Review of beginner weight lifting programs

After completing seven consecutive months of weight training, it’s been fascinating to watch my body change and grow. It’s been about 15 years since I last lifted weights, and my body jumped back into the routine quickly.

The biggest challenge I’ve had is finding a program that allows for consistent strength gains. I think this is a perpetual search  for most strength trainees. I’ve now tried several programs with varying success. I’ll review the Stronglifts 5×5 and Greyskull LP programs in this article. I hope the information helps other strength trainees find a productive program more quickly, with less trial and error.

For the first three months of my lifting program, I used information on the website to design a weightlifting program focusing on four basic, compound lifts: overhead press, bench press, squat, and deadlift. Since I was untrained, with the exception of many years’ rock climbing and hiking, my strength developed quickly. Improving my form is the most important driver of my strength gains during these months.

By the end of the first 90 days, I was using a weekly cycle of weight increases, doing one heavy set of three repetitions at 90% of my one-rep max, and a light set of 8 reps at 78% of my one-rep max. I felt like this wasn’t enough volume to continue driving my progress, and I felt like I’d skipped over a true beginner’s program, so I decided to try the Stronglifts 5×5 program (SL5x5). I tried this for the next eight weeks.

SL5x5 is a linear progression (LP) program, in which the trainee tries to set a new personal record (PR) for each lift performed during a workout. While I feel the Stronglifts 5×5 program is a great place to start weight training, Mehdi, the program’s promoter, does not think this program is ideal for people who can squat at least 220 lbs. (100 kg).*

I agree with Mehdi’s assessment of SL5x5. I was already squatting 255 lbs for five reps before starting this program, and my 5-rep max (5RM) for squat did not increase on this program or the Greyskull LP program: I’ll say more about the Greyskull LP program later. I think Mehdi makes this recommendation because SL5x5 has the trainee squatting and deadlifting heavy weights on the same days, which makes new PR’s hard to attain when both lifts are at difficult weights. When I couldn’t make progress on the 5×5 program only one work set, I switched to the Greyskull LP program.

The Greyskull LP program is another beginning, linear progression program. It uses the same lifts as SL5x5, but it puts the deadlift in a separate workout from the squat, so these lifts don’t interfere with each other as much. However, I found a similar problem with this program over time: as the intensity of each lift increases (i.e. the weight gets heavier), the volume of weight lifted in each workout stays the same (i.e. a trainee does the same number of sets and reps), which means that the body can’t recover in the two days in between each workout, and the trainee accumulates too much fatigue to continue setting new PR’s each workout. This happened to me, and that is an indication that it’s time to change the weight training program.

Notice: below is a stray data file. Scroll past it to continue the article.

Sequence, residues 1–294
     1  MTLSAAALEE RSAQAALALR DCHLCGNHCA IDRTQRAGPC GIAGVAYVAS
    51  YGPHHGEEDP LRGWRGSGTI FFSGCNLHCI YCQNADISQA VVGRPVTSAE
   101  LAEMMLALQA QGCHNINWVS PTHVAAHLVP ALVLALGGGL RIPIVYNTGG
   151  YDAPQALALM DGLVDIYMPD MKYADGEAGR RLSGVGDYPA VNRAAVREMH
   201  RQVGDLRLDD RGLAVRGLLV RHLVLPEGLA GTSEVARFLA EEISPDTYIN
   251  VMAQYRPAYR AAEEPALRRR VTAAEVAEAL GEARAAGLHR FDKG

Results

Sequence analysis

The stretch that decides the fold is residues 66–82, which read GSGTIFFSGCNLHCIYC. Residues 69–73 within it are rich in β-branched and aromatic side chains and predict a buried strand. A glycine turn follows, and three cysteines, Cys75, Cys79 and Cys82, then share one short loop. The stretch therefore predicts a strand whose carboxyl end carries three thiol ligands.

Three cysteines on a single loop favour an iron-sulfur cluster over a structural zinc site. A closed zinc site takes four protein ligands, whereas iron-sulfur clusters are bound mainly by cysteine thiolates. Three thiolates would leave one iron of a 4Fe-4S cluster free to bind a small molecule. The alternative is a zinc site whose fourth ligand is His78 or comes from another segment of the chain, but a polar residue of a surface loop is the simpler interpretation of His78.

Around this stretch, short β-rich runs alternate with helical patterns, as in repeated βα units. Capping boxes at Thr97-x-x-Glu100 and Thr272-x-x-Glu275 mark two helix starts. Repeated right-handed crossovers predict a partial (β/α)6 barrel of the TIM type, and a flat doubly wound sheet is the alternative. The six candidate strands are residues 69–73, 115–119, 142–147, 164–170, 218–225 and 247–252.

In my case, I reduced the frequency of workouts in which I try to set PR’s. In the linear progression programs, I was doing this every workout. Now, I try to set new PR’s in each lift once a week. The rest of the week I do more reps with a lighter weight: these volume workouts should push my muscles to grow without making my muscles accumulate fatigue, like I did under the LP programs. In essence, I’m back to the program I was doing before I started the LP programs.

Did the beginner programs increase my strength at all? My 5-rep max (5RM) for deadlift has increased 45 lbs. as of this writing, from 315 to 360. My 5RM for squat has not increased from 255. Overhead press has improved 2.5 lbs. to 112.5 lbs., and bench press is up 8.75 lbs. to 158.75 lbs. My form is better than it was before going through the beginner programs: doing more volume at lighter weights helped me improve some form problems — this is probably the greatest benefit I found by doing the LP programs.

Have you done any of these programs? What’s your experience been?



* I think this weight limit is directed at men, and women who are proportionate to this level of strength on a chart of women’s squat standards will see similar results; however, I’m not an exercise scientist — that’s just my amateur opinion. On a tangent, I feel that most weight lifting standards are focused on men, and there needs to be a more inclusive description of strength standards and training practices online to include women. There are many female strength trainees out there who need good information.


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